Divrei Noach

Parshat Noach usually falls out at the start of the rainy season in Israel, which tends to be quite a dramatic event. Often there is no warning: The sky is no more overcast than usual; the forecast is the same as the day before and the day before that; no one thinks to carry an umbrella. And then suddenly, unexpectedly, the skies heave. It is as if, as the Torah describes in Parshat Noach, arubot hashamayim niftachu – the floodgates of the heavens open. Within moments, the streets are flooded and the sidewalks are dotted with muddy brown puddles. Bus drivers try to remember where the switch for the windshield wipers is located on the dashboard; pedestrians duck under the awning of the local grocery for cover; students rummage through their backpacks for a plastic bag to put over their heads. Everyone remembers where they were at the moment the rainy season began – it is an event worthy even of its own name, Biblical in origin: the Yoreh.

It would be hard to imagine forty days and forty nights of the type of rain that falls in Israel, even if we all had our own private arks in which to retreat. But it is not hard to appreciate that rainfall is a sure sign of the hand of God in the world. The rain is a reminder that although God may not lead us through life in a pillar of cloud, there is nonetheless a divinity that shapes our ends. In his commentary on the Eyn Yaakov to Masechet Taanit, Abraham ben Judah Leib, a nineteenth-century Russian commentator known as the Ahavat Eytan, compares the onset of rain to the creation of the world: “A day of rain is as momentous as the day when the heavens and earth were created. Why? For the creation of the world testifies to the existence of God; and the rain testifies to His providence.” We see the world around us and say there must be a Creator; we see the rain, and we say He must have a hand in this world.

It is difficult for us, who live in a world of computers and satellites and self-cleaning ovens, to accept that our lives are not entirely in our control. We think that our technological prowess has rendered God obsolete. Not so, reminds Parshat Noach, with the cautionary tale of Babel. The Talmud teaches (Sanhedrin 109a) that those who built the tower of Babel have no share in the world to come. “What did they do ? The school of Rabbi Sheyla explains: They said, ‘Let us build a tower and climb up to the heavens, and hack at the skies with pickaxes to make the water flow forth.'” The Babel builders, traumatized by the flood stories their grandparents told them, wanted to prevent any unexpected meteorological disasters. The wanted to put the rain on an automatic timer – to be in control of just how much rain would fall, and when. But the One Who causes the winds to blow and the rains to fall destroyed their great weather vane and scattered them to the four winds.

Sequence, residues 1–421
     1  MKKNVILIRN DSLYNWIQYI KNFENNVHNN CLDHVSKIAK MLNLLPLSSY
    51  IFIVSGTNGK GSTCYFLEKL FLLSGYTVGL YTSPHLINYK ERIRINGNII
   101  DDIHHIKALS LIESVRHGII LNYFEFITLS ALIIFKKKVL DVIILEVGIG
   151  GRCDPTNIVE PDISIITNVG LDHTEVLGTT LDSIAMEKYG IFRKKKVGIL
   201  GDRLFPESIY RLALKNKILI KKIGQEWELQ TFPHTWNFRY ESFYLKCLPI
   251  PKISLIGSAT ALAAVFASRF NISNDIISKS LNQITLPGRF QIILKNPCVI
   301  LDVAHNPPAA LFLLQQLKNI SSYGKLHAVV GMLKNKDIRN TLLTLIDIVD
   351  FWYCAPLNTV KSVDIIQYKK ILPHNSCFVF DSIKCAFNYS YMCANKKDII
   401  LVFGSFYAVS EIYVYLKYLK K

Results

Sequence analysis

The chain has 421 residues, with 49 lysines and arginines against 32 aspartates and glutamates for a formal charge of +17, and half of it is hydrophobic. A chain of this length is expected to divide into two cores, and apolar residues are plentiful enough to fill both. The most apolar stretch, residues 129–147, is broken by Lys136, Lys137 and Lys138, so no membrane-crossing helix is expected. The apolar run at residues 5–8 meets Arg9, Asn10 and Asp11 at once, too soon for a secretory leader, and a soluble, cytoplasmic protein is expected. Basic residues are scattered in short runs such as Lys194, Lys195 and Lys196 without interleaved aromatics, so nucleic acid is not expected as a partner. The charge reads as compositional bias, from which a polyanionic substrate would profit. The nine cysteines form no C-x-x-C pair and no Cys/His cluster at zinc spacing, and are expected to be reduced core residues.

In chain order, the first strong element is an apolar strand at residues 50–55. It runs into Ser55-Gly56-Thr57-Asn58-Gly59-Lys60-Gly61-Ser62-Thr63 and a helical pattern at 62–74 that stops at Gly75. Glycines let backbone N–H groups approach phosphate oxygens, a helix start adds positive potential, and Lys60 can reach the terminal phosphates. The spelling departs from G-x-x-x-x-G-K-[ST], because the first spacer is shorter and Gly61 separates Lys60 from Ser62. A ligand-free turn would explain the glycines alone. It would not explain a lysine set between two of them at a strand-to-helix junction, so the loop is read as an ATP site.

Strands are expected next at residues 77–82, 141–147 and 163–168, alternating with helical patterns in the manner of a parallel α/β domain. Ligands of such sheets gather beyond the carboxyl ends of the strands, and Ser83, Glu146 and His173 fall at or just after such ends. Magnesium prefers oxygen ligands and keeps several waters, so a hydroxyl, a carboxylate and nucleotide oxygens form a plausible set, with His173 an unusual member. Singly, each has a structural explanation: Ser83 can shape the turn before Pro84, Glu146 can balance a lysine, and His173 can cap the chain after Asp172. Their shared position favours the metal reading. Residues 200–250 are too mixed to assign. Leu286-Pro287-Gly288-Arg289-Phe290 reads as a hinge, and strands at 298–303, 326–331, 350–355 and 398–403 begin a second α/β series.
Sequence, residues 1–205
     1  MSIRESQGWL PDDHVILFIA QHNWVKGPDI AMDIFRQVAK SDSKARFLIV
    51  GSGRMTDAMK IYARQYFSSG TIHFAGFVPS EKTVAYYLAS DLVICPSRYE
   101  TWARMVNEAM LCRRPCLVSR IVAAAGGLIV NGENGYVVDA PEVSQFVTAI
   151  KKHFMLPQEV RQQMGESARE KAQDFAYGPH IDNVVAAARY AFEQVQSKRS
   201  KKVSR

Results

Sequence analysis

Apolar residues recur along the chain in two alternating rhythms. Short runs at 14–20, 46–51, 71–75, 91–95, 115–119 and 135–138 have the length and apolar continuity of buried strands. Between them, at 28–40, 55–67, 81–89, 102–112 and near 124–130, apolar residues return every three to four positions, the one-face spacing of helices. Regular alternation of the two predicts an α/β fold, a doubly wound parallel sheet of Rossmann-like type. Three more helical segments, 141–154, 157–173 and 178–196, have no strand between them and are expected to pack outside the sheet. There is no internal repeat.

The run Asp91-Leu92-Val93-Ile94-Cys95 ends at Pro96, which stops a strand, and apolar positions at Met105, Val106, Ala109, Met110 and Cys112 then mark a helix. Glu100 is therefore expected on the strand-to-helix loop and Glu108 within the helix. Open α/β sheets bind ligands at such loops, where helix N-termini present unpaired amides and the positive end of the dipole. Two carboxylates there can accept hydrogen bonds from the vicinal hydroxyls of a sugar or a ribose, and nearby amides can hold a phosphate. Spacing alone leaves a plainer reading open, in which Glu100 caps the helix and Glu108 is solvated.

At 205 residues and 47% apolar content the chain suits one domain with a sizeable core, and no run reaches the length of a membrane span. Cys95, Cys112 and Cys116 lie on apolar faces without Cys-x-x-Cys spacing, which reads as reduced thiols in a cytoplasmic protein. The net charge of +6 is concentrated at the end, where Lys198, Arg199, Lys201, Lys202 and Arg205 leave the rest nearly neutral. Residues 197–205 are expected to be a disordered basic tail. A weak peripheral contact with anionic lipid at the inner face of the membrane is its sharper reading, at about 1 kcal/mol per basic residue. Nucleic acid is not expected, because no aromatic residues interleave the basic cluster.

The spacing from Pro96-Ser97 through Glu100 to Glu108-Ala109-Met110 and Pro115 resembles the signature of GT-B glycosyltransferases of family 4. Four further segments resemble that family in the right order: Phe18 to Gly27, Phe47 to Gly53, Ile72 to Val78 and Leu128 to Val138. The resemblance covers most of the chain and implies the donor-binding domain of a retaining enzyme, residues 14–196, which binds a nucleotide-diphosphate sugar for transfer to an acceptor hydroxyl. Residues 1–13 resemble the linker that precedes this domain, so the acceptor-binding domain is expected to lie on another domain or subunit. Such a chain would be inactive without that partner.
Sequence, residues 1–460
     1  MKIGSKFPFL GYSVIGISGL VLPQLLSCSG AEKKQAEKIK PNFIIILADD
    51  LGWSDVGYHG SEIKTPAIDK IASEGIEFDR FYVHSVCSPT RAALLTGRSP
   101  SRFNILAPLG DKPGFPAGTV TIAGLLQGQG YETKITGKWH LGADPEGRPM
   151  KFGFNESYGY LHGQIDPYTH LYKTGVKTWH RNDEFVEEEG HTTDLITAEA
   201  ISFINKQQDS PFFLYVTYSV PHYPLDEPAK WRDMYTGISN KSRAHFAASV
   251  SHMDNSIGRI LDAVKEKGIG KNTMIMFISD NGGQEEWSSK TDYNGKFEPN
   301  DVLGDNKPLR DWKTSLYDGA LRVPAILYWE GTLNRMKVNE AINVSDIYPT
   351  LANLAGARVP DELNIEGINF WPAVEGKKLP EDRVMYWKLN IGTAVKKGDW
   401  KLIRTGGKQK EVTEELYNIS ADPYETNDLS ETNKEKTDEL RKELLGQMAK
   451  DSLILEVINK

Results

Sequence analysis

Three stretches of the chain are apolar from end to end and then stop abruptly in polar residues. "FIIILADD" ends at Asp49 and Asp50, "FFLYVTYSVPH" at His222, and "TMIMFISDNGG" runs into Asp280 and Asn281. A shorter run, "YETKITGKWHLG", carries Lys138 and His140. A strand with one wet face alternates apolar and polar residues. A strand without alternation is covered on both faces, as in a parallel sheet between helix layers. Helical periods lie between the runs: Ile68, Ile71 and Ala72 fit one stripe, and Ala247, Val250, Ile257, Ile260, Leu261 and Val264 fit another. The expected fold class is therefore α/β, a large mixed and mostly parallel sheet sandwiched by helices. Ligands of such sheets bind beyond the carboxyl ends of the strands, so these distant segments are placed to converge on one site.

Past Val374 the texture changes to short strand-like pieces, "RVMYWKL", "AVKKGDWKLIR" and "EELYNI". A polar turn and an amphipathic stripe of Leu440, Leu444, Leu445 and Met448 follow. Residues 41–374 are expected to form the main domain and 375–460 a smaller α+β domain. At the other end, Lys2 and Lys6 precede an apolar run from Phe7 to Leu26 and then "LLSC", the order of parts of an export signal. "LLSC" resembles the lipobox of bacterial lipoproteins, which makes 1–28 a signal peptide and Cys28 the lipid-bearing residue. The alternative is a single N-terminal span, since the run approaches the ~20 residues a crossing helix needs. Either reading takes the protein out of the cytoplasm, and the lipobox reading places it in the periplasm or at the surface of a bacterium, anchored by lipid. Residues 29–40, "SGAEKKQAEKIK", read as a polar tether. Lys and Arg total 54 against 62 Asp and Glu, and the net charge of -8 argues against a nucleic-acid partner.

Rain is emblematic of the part of our lives that is in God’s hands. As such, it is a central locus of prayer. According to the Talmud (Yoma 52b), the only prayer recited by the High Priest in the Holy of Holies on Yom Kippur was about rain: “The High Priest would kindle the incense on the flames until the Holy of Holies was full of smoke. He would go out in the way he had come, reciting a very short prayer. What would he pray? Raba bar Rav Ada and Rabin bar Rav Ada both say in the name of Rav that he would say, ‘May it be Your will O Lord our God that this year should be rainy and warm.'” The Talmud goes on to explain that the High Priest would keep his prayer short so as not to terrify Israel – were he to stay in the Holy of Holies for too long, they would panic that he had died of shock and awe. In the holiest place at the holiest time, the emissary of the people to the Holy One devoted his few precious seconds of prayer to the matter of precipitation.

We pray for rain because we cannot control it – we accept that it is out of our hands. And yet the modern Hebrew word used for “to actualize” or “to make real” is l’hagshim, which comes from the same root as geshem, rain. If a day of rain is as great as the day of creation, perhaps it is because rain is a physical link between heaven and earth, and, as such, a reminder of our power to imitate the Divine in Whose image we were created. Let us scale the heights towards which we strive, not to challenge the providence of God, but to open the floodgates of our own imaginations.

4 thoughts on “Divrei Noach

  1. Anonymous says:

    Your writing is beautiful and thought-provoking, as always. On your recommendation, I’ve been looking (so far with no success) for Ari Elon’s book Alma Di. Any idea where it can be had in Jerusalem?


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